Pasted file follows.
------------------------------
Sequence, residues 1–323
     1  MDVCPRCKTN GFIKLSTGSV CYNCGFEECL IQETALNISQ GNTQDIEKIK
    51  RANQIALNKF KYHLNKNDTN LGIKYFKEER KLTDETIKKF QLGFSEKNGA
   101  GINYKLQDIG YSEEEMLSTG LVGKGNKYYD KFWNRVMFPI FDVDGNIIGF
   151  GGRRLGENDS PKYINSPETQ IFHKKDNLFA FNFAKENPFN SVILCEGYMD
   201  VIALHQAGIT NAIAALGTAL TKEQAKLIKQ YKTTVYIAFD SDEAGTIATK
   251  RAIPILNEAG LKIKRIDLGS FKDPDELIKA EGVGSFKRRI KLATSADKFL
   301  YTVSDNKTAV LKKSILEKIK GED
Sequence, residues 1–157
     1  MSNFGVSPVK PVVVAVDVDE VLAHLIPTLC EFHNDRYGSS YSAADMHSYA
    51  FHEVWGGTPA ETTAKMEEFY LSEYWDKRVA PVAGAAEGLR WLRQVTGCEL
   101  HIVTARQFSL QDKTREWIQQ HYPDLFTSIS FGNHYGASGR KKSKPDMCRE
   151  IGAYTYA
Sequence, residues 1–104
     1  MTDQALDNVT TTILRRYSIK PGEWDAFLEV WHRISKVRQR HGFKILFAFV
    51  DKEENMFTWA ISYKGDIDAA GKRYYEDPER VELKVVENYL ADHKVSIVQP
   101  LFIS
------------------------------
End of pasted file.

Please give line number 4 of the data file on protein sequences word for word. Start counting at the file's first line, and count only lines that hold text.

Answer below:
   101  GINYKLQDIG YSEEEMLSTG LVGKGNKYYD KFWNRVMFPI FDVDGNIIGF